High occupancy vehicle (HOV) lanes are a type of managed lane that can only be used by vehicles with more than one passenger. HOV lanes allow vehicles with multiple passengers to bypass traffic along congested corridors, and provide a speed and travel time reliability advantage over adjacent general purpose lanes.
- Carpool lanes
- Diamond lanes
- Bus-only lanes
High occupancy vehicle (HOV) lanes are a type of managed lane that is reserved for carpools, vanpools, buses, and/or other vehicles carrying multiple people. The purpose of the HOV lane is to improve person throughput on congested corridors and maximize the value of transit investments. HOV lanes improve person throughput by providing buses, vanpools, and carpools a speed and reliability advantage over single occupancy vehicles in the adjacent general purpose lanes. This provides an incentive for people to travel in higher occupancy vehicles. HOV lanes maximize the value of transit investments by supporting transit speed and reliability, which affect transit operating and equipment costs.
Depending on demand, use of HOV lanes can be limited to vehicles with two or more people, but can require three or more people in areas where congestion and transit frequencies are high.
HOV lane restrictions are sometimes limited to peak commuting hours or periods of higher traffic volumes. Outside of these hours these lanes can otherwise be used by general purpose traffic.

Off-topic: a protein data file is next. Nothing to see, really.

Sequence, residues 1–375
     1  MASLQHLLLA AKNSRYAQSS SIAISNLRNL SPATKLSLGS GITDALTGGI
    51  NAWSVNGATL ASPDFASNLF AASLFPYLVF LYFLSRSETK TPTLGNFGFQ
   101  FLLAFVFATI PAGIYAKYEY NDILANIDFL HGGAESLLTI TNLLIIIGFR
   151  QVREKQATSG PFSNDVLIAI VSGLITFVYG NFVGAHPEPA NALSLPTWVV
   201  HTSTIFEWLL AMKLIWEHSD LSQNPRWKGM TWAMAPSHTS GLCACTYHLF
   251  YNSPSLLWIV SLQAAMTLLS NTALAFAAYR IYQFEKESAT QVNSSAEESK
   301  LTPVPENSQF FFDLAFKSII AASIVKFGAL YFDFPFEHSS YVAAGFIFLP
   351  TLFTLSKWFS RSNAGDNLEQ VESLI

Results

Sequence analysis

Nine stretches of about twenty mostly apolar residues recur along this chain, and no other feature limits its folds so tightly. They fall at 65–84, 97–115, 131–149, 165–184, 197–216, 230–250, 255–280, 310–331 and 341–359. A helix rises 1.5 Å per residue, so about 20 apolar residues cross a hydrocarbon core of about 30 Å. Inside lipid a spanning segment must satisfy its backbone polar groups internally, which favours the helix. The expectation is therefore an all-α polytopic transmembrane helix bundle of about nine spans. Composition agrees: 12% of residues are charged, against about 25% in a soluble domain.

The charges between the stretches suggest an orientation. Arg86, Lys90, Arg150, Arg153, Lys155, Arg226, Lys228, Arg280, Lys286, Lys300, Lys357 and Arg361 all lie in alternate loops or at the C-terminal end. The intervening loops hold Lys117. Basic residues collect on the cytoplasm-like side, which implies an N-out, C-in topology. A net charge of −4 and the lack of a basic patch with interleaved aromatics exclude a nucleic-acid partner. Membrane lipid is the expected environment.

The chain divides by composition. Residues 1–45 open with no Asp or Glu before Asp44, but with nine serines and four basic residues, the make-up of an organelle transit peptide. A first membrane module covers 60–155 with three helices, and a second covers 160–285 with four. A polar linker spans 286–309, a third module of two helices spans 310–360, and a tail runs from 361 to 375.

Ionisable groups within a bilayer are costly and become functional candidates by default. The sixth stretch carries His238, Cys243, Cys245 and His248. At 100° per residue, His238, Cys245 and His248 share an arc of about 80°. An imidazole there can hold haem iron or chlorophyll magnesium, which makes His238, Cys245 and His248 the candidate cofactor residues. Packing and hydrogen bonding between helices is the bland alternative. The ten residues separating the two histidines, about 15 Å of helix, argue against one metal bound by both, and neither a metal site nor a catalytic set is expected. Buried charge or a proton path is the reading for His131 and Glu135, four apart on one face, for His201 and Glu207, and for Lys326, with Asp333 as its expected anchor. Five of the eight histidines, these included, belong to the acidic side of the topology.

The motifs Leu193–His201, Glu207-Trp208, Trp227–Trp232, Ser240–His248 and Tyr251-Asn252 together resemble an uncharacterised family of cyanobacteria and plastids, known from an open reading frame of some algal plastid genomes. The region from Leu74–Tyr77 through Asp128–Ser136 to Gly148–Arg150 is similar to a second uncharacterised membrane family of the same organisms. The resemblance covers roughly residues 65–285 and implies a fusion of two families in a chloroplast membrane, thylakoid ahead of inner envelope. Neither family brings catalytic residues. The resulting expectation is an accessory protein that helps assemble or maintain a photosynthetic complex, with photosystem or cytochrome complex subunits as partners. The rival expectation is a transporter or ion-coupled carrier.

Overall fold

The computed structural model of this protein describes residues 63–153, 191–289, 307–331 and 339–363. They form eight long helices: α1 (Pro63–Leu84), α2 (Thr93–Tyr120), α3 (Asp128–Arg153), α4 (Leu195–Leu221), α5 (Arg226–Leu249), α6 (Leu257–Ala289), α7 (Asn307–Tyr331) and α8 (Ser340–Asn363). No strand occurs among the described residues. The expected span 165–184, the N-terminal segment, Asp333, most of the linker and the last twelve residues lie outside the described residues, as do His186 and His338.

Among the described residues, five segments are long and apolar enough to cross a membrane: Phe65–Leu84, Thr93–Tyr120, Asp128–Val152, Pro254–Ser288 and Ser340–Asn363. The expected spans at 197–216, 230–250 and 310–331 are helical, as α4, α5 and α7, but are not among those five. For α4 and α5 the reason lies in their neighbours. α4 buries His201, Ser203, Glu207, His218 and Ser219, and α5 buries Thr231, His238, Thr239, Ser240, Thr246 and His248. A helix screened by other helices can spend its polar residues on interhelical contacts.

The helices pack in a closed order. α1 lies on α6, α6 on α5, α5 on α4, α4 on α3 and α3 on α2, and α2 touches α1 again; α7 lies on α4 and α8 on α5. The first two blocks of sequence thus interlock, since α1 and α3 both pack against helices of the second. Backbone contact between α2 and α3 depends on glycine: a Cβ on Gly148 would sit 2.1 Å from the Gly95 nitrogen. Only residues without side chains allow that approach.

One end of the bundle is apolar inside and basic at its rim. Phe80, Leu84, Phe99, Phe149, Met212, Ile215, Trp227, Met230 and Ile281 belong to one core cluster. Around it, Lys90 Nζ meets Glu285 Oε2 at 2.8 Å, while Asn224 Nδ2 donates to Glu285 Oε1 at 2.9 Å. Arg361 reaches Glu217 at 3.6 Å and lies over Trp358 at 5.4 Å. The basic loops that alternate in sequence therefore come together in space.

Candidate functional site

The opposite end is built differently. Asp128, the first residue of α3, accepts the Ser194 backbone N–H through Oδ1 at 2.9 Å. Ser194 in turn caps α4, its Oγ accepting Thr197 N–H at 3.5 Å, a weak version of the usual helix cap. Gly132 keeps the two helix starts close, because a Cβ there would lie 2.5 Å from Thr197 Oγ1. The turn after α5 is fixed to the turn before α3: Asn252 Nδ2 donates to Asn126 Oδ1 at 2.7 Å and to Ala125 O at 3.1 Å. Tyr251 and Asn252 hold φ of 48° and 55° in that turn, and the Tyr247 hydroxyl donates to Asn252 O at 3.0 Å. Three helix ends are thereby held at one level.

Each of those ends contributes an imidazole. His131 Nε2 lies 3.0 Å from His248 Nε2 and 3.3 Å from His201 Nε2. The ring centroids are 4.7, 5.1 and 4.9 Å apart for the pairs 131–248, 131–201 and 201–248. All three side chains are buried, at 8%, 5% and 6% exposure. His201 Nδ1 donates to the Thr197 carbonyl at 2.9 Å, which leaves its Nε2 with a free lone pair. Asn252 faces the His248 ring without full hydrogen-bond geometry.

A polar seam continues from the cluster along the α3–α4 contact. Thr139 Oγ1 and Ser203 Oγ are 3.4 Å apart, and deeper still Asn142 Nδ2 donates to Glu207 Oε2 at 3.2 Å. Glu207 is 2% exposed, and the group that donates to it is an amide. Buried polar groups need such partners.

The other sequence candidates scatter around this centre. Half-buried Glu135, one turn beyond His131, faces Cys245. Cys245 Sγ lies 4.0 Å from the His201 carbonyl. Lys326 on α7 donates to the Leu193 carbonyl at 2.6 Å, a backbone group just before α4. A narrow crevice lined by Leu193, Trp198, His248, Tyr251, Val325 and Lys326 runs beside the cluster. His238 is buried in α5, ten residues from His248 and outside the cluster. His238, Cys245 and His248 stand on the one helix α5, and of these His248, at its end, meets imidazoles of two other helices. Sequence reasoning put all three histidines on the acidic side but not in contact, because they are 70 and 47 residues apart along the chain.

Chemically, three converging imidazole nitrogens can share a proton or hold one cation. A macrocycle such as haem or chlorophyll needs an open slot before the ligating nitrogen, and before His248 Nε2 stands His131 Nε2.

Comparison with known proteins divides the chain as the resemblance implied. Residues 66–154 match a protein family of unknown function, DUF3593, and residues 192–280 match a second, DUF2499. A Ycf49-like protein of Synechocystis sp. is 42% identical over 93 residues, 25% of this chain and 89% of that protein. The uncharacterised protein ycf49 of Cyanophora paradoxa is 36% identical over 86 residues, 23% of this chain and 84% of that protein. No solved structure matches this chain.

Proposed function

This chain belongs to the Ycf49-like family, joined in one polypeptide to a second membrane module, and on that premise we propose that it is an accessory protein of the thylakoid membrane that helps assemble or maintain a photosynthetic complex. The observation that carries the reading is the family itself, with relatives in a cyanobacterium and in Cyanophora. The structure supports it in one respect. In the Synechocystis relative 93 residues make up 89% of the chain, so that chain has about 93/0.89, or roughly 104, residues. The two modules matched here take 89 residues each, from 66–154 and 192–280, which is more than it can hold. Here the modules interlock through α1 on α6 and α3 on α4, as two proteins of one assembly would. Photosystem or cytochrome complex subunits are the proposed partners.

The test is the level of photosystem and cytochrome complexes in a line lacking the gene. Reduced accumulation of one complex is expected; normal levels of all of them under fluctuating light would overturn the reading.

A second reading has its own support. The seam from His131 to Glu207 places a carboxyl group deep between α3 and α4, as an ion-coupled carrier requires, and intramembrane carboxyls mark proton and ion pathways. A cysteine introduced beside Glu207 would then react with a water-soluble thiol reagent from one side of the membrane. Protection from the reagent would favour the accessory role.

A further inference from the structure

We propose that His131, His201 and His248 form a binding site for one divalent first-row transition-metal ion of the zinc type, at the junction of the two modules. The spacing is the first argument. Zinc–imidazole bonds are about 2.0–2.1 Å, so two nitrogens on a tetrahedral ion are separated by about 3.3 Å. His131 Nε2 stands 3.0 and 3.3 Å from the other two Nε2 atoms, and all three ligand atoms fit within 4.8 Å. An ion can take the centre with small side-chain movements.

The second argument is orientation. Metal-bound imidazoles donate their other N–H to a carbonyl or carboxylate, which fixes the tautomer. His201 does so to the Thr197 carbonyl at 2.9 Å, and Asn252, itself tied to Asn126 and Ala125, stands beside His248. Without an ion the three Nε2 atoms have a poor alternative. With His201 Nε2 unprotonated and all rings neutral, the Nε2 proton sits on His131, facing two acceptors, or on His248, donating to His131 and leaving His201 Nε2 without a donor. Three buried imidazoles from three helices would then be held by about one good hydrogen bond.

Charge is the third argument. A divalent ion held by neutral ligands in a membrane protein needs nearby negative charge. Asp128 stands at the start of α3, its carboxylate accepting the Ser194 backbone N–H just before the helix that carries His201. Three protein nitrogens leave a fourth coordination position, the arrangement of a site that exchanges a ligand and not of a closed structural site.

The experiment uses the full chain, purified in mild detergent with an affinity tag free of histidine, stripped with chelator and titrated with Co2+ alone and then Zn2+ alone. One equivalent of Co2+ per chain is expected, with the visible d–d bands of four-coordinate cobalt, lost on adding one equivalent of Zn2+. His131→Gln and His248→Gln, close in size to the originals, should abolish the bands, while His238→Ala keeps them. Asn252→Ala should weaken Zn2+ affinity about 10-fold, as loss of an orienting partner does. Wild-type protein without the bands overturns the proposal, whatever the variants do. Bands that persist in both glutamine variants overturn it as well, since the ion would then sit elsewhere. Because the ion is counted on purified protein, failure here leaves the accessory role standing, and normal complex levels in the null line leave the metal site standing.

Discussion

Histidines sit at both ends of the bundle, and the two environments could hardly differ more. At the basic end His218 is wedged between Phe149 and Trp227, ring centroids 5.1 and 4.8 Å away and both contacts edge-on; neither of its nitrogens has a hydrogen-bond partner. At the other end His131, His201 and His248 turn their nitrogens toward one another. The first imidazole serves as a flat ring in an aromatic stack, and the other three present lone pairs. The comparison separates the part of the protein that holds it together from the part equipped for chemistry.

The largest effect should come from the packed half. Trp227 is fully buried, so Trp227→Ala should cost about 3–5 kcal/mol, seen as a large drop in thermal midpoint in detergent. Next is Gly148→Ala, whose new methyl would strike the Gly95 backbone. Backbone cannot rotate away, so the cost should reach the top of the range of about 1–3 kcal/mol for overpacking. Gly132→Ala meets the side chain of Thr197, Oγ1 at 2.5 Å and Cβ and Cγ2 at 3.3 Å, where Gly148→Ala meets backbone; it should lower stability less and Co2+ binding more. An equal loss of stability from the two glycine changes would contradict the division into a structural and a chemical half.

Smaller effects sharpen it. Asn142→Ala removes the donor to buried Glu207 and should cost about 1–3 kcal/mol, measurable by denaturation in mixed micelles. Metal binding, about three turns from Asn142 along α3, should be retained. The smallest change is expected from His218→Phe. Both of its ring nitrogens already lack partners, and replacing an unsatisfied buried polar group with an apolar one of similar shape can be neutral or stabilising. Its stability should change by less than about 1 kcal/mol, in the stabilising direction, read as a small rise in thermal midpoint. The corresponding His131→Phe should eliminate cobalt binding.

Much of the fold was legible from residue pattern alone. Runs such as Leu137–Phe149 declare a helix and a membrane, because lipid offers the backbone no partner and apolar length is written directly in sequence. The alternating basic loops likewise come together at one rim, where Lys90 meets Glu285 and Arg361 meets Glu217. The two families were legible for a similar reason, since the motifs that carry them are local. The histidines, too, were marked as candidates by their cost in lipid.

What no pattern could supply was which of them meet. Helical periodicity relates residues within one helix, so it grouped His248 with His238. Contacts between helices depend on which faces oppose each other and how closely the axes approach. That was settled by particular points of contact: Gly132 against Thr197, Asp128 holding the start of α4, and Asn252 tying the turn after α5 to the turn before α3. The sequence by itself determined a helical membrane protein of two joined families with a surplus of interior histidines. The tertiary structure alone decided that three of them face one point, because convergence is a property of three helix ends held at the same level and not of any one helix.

HOV lanes can be located as separated roadways, on a buffer-separated lane (with a buffer between the HOV lane and the general purpose lane), or on a non-separated lane. HOV lanes are often used on freeways and arterials. Standard HOV lanes on freeways are generally inside (left) lanes and on arterials are generally outside (right) lanes. HOV lanes are identified by signs along the roadway and diamond symbols painted on the pavement. Delineation of the HOV lane is typically with a solid white line.
When first entering a freeway, it is often necessary for high occupancy vehicles to cross over general purpose lanes to access an inside (left) HOV lane. In particularly congested areas direct access ramps can be constructed to allow high occupancy vehicles to enter a highway directly into an HOV lane. Queue bypass lanes can also be used for high occupancy vehicles to bypass isolated bottlenecks such as at ramp meters and signalized intersections.
The main areas of enforcement are around vehicles that falsely claim HOV status. Enforcement is conducted primarily by visual observations from highway patrol. Agencies are currently evaluating automated vehicle occupancy detection technology, but it is not currently reliable enough for widespread deployment.
When to use this strategy